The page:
February 24, 2009

Google Thoughts

Here's one to make Phillip's heart go aflutter. Jonathan Rosenberg of Google posts on the Google Blog his vision for the future of searching and the ubiquitous nature of information. It's very compelling, but also, as usual, a little unnerving for anyone with quaint notions of privacy and the value-added expertise of professionals, like, oh I don't know, maybe... librarians!

Rosenberg states rather placidly: "Why should a user have to ask us a question to get the information she needs?"

This is a big part of Google's vision, to build profiles of individual user usage and interest indexes that would, by definition, require them to know who you are, what you are doing, and when you are doing it. That strike anyone else as a wee bit frightening? But one cannot use these technologies and come away unimpressed. The question for me, however, is at what cost do these impressive tools come?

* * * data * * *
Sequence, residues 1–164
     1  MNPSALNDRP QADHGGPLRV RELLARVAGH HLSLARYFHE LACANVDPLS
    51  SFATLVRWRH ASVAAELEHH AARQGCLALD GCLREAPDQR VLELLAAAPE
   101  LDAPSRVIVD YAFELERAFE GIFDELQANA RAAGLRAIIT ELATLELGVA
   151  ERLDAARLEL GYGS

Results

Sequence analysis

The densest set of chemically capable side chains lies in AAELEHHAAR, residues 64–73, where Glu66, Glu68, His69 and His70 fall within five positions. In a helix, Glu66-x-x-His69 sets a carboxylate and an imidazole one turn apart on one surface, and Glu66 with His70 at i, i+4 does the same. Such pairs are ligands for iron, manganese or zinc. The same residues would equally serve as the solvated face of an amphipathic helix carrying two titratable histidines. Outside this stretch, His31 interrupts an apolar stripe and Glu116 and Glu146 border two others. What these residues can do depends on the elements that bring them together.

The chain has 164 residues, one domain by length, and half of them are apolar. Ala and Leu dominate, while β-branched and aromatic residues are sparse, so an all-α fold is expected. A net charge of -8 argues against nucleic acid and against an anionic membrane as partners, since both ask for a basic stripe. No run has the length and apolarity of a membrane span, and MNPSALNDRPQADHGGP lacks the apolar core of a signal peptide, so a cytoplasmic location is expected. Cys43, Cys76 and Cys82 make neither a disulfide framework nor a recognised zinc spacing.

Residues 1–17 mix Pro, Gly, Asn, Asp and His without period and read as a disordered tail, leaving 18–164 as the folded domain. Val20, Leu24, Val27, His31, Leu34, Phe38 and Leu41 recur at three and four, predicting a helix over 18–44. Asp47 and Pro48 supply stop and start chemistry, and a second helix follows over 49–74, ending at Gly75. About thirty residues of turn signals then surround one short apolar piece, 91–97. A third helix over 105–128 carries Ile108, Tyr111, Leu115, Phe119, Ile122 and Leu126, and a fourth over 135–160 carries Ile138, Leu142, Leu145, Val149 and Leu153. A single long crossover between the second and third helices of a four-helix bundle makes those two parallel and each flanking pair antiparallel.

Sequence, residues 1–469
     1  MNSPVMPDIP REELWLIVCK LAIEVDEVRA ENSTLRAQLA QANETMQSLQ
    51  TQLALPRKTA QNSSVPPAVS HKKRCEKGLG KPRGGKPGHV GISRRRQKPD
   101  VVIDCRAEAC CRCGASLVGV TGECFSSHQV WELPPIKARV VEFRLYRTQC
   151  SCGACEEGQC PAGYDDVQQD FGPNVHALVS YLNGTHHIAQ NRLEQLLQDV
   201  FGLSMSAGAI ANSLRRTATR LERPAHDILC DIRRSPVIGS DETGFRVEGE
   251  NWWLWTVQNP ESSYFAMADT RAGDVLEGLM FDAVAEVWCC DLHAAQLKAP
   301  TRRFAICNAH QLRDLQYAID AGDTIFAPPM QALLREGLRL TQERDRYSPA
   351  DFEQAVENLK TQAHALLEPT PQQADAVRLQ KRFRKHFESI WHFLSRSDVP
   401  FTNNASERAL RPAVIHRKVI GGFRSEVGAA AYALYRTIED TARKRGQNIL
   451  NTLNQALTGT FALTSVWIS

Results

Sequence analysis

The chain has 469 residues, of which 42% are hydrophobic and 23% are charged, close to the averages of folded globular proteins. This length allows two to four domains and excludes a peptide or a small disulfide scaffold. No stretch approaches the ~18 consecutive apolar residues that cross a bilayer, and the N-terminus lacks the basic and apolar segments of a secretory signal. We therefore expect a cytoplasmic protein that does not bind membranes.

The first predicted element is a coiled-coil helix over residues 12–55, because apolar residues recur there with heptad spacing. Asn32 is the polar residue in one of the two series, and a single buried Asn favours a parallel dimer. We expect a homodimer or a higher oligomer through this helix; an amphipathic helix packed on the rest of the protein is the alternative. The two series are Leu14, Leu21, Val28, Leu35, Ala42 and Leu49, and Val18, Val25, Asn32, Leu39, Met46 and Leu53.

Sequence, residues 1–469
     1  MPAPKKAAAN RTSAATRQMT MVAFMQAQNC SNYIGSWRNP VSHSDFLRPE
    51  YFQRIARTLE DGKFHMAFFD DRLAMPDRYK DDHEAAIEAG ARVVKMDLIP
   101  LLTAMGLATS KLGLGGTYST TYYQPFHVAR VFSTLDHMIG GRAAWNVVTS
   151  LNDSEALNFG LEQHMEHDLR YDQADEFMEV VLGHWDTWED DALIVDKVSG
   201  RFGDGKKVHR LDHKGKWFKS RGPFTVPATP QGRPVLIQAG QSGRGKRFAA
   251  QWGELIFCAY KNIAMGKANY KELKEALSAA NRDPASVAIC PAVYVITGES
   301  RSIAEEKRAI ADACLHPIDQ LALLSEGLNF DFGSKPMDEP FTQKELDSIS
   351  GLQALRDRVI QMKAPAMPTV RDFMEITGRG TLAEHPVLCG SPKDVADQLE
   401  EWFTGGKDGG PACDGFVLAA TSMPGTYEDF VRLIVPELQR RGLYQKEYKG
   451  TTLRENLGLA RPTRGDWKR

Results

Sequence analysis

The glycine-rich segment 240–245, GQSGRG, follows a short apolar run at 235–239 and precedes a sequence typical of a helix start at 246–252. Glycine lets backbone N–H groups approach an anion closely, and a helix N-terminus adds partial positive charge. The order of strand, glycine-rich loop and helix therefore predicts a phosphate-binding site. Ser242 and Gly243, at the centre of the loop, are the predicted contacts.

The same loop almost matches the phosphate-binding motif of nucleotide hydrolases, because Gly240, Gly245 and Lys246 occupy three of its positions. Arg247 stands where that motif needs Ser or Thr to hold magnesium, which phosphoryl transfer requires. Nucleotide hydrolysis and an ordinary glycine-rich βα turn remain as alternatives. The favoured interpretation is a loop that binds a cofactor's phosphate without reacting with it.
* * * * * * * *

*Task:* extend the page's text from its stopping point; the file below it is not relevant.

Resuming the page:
I am encouraged, though, by thoughts like these:
This is both good and bad news. No one argues the value of free speech, but the vast majority of stuff we find on the web is useless. The clamor of junk threatens to drown out voices of quality.

But make no mistake, Google intends to make all the added-value determinations of what is quality and what matters to you. Here my concern could be more broadly interpreted as lowest common data denominator, which I'm certain Google will argue is not the case. I certainly hope not. Regardless, this is a fascinating company doing some incredibly fascinating things that anyone interested in how information is owned, shared, and disseminated should follow very closely. We will.

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